Troubleshooting the "ImagePullBackOff" Error

The "ImagePullBackOff" error is one of the most common issues you might run into with your Kubernetes deployment. In this post, we'll walk through the steps you should take to manually troubleshoot your problem.

Patrick Londa
Jan 3, 2022
 min read
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Have you deployed a new Service to your Kubernetes cluster lately and run into an issue? In this post, we’ll be diving into one of the most common reasons:

The ImagePullBackOff Error

After you deploy to add a new Pod to your cluster, you will want to validate that everything worked. To do that, you can run this standard command:

kubectl get pods

If you see the Status say Running, then you’re all set. If you see ImagePullBackOff, then it’s time to troubleshoot.

What does “ImagePullBackOff” mean?

The ImagePullBackOff error is saying that a container was unable to start because Kubernetes couldn’t pull the container image. BackOff indicates that Kubernetes will keep attempting to pull the image at an increasingly delayed interval if it remains unsuccessful.

Without a runnable image, the container doesn’t have the runtime environment and executable software it needs. For more detail, you can read about kubelets, agents on each Node that facilitate the container manifest, ensuring that the containers described actually have everything they need to run successfully.

What causes an “ImagePullBackoff” error?

These are the main causes for receiving an ImagePullBackOff error:

  • Image Name is missing or misspelled
  • Image Tag is missing or misspelled
  • You need additional authentication
  • You have hit a rate or download limit on the registry
Blink Automation: Troubleshoot Pod with "ImagePullBackOff" Error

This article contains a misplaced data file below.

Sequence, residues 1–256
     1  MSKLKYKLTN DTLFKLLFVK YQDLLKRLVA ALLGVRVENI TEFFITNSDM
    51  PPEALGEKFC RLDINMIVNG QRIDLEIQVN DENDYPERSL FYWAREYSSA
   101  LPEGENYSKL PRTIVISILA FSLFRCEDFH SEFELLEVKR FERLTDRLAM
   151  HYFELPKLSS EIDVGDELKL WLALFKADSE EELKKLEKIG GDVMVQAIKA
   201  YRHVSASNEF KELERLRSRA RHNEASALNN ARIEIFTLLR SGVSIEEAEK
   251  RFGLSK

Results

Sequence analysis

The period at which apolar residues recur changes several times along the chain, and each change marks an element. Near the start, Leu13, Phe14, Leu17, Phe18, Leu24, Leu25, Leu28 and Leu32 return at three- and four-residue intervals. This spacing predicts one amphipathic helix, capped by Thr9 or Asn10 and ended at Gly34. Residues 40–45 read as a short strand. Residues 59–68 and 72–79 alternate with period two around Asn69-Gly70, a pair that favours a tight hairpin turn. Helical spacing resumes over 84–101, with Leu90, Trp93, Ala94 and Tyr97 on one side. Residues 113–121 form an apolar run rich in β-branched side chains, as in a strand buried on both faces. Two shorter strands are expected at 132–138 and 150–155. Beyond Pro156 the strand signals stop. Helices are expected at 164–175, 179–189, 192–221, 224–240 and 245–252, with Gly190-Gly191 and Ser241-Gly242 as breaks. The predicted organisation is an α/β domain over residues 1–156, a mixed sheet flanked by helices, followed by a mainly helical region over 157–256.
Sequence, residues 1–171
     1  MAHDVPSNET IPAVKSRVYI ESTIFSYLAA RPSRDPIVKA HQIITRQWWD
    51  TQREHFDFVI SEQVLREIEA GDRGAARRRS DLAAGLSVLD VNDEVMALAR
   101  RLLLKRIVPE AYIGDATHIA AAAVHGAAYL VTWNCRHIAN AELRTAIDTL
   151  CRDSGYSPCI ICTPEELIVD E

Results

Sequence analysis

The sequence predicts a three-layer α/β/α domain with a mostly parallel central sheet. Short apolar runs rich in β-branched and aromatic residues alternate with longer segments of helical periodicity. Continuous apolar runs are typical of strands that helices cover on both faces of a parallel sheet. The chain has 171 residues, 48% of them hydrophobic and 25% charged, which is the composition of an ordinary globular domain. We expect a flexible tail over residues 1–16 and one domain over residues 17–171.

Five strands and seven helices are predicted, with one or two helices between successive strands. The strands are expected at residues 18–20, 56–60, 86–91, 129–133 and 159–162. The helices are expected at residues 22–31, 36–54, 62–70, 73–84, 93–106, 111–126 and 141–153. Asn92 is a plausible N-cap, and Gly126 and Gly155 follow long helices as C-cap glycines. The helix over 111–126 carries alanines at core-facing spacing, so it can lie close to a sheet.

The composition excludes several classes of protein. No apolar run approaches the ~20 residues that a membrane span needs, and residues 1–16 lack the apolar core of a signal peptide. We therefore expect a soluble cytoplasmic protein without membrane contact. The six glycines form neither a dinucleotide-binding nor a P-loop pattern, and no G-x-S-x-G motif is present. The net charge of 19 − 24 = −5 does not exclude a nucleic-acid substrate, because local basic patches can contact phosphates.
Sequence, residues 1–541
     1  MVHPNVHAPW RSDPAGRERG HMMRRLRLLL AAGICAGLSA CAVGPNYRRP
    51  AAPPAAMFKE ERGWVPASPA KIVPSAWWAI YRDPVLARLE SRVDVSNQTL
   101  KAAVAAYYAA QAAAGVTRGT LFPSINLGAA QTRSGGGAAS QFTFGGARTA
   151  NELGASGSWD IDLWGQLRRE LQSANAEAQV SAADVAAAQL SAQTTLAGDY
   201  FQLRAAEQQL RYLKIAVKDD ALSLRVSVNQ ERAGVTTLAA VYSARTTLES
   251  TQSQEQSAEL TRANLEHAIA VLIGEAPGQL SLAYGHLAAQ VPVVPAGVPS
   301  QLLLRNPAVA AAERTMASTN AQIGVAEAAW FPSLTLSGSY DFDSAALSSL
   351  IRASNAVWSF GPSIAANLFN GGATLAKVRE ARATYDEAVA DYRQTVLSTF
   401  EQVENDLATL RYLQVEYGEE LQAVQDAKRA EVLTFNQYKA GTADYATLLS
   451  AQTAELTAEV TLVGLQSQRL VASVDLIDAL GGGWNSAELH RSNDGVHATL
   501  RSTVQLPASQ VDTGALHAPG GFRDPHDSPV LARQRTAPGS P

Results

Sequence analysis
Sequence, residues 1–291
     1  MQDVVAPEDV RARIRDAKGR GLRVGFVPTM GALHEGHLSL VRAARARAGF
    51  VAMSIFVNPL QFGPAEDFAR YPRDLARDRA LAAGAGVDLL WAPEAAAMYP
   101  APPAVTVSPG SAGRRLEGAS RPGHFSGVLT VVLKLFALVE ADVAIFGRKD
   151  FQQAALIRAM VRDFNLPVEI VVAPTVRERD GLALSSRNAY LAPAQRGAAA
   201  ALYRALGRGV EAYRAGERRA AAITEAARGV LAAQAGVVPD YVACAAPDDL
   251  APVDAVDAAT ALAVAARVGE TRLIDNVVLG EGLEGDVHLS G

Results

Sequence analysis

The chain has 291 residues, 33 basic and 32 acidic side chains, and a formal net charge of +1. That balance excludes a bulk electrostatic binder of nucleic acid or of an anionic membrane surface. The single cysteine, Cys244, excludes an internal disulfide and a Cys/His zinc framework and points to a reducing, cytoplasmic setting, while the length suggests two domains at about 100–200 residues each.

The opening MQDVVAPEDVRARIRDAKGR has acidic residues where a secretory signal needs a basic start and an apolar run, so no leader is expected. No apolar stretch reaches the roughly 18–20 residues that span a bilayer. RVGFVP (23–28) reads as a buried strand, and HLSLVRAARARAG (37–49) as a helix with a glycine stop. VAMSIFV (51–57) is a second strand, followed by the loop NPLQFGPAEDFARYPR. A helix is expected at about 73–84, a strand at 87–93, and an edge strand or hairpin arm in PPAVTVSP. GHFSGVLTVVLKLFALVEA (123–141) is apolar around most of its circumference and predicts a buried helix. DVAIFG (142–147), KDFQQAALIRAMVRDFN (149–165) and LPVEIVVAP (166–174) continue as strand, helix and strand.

Blink + Kubernetes
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Manual Troubleshooting Steps:

  1. To start, run this command:
kubectl describe pod [name] command

By running this, you will receive details about your Pods, including an Event log.

  1. Review the Message for the Failed event

Start with lines that have the Reason marked as “Failed” and review why they failed by looking at the accompanying Message.

If you see:

Error response from daemon: repository does not exist or may require ‘docker login’
  1. You should double-check that you spelled both the repository name and image name correctly.
  2. If they are both spelled correctly, then you have an issue with authentication.
  3. You will then need to create a Secret using the command line and apply it to your pod by referencing the Secret in the manifest YAML.

If you see:

Error response from daemon: manifest for [image name]: [tag] not found
  1. This means you may have a typo in the tag you are using, or the tag doesn’t exist in the repository.
  2. Fix the typo or specify a valid tag to resolve this error.

If you still are receiving an ImagePullBackOff error after addressing these common issues, then you may have hit a registry rate limit. For example, Docker Hub has a limit of 100 container pulls every 6 hours from one IP address. You can either wait for the cap to reset, or there are some other workarounds, like authenticating your account or setting up a private Docker registry.

Troubleshoot Faster with Blink:

You might have solved your problem quickly or ended up down a research rabbit hole. When you create a free Blink account, you can manage your Kubernetes troubleshooting in one place with all the commands at your fingertips to get the information you need.

Blink Automation: Troubleshoot a Kubernetes Pod
Blink Automation: Troubleshoot a Kubernetes Pod

This automation in the Blink library enables you to quickly get the details you need to troubleshoot a given Pod in a namespace.

When the automation runs, it does the following steps:

  1. Gets the Pod status.
  2. Gets the Pod details.
  3. Gets the container logs.
  4. Gets events related to the Pod.

By running this one automation, you skip the kubectl commands and get the information you need to correct the error.

Get started with Blink and troubleshoot Kubernetes errors faster today.

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